Mystery Root Bulbs?

Asked July 17, 2019, 8:56 PM EDT

Hello there- I dug up some white bulbs or roots of some sort. There were a lot of them but all in one small 2’ x 2’ area, and they are the texture of a potato. No particular smell to them. I’m the only one who has planted anything there in the last 20 years, and I can’t think of anything planted there that they may have come from.

Clackamas County Oregon

3 Responses

The objects in the photo are probably the immature fruiting bodies of a kind of fungus Phallus impudicus, known colloquially as the common stinkhorn, is a widespread fungus recognizable for its foul odor and its phallic shape when mature. It is a common mushroom in Europe and North America, where it occurs in habitats rich in wood debris such as forests and mulched gardens. It appears from summer to late autumn. The fruiting structure is tall and white with a slimy, dark olive colored conical head. Known as the gleba, this material contains the spores, and is transported by insects which are attracted by the odor—described as resembling carrion. Despite its foul smell, it is not poisonous.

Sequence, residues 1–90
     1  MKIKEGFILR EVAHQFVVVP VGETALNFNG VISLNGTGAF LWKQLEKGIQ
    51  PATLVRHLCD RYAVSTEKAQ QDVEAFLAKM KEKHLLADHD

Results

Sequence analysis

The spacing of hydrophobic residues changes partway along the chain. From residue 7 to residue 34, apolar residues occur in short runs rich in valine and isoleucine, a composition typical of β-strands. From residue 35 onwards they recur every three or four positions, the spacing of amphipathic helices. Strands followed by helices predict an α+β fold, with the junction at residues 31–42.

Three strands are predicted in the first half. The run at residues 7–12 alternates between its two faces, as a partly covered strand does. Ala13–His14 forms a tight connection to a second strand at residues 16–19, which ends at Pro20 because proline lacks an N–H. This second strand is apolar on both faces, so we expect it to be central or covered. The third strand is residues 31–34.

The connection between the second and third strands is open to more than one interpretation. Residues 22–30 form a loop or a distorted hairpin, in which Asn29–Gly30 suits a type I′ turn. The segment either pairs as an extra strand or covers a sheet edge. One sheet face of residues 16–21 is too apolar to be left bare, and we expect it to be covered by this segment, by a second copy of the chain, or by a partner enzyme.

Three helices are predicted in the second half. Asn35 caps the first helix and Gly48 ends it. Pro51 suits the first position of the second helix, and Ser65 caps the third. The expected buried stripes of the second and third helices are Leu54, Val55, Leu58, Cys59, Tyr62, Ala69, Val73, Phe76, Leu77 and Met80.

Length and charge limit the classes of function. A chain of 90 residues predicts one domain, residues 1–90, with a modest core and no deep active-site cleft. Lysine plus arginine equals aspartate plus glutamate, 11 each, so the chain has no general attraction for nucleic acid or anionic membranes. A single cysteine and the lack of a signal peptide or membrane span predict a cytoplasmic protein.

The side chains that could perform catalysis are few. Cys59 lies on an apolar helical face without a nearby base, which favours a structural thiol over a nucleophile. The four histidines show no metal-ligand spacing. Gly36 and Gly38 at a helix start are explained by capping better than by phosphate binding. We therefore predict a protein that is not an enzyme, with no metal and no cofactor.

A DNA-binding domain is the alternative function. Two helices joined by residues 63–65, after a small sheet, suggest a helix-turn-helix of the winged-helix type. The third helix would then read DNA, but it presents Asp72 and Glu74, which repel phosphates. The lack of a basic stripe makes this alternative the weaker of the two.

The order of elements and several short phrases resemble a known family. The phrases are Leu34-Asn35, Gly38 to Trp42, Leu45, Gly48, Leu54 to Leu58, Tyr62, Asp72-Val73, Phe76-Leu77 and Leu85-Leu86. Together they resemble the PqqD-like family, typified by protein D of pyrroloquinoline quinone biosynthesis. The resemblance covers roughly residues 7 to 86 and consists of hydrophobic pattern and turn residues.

Sometimes called the witch's egg, the immature stinkhorn is whitish or pinkish, egg-shaped, and typically 1.6 to 2.4 in by 1.2 to 2.0 in. On the outside is a thick whitish volva, also known as the peridium, covering the olive-colored gelatinous gleba. It is the latter that contains the spores and later stinks and attracts the flies; within this layer is a green layer which will become the 'head' of the expanded fruit body; and inside this is a white structure called the receptaculum (the stalk when expanded), that is hard, but has an airy structure like a sponge. The eggs become fully grown stinkhorns very rapidly, over a day or two. The mature stinkhorn is 3.9 to 11.8 in tall and 1.6 to 2.0 in in diameter, topped with a conical cap 0.8 to 1.6 in high that is covered with the greenish-brown slimy gleba. In older fungi the slime is eventually removed, exposing a bare yellowish pitted and ridged (reticulate) surface. This has a passing resemblance to the common morel (Morchella esculenta), for which it is sometimes mistaken.

Again, stinkhorns are not poisonous or harmful to plants or people. Eventually, the stinkhorns wither away and disappear. Individuals can rake up and discard the fungi if their appearance or smell is bothersome.

Good luck and happy gardening.






I've had a collegue recommend potting up a few of the larger specimens as they indeed may be flower bulbs and not a fungus as I had surmised. Later after it has flowered send us a picture for a positive ID.

Cool, thank you so much for the information! Now I’m really curious about what they may be. We’ll see if we can get something to grow from them.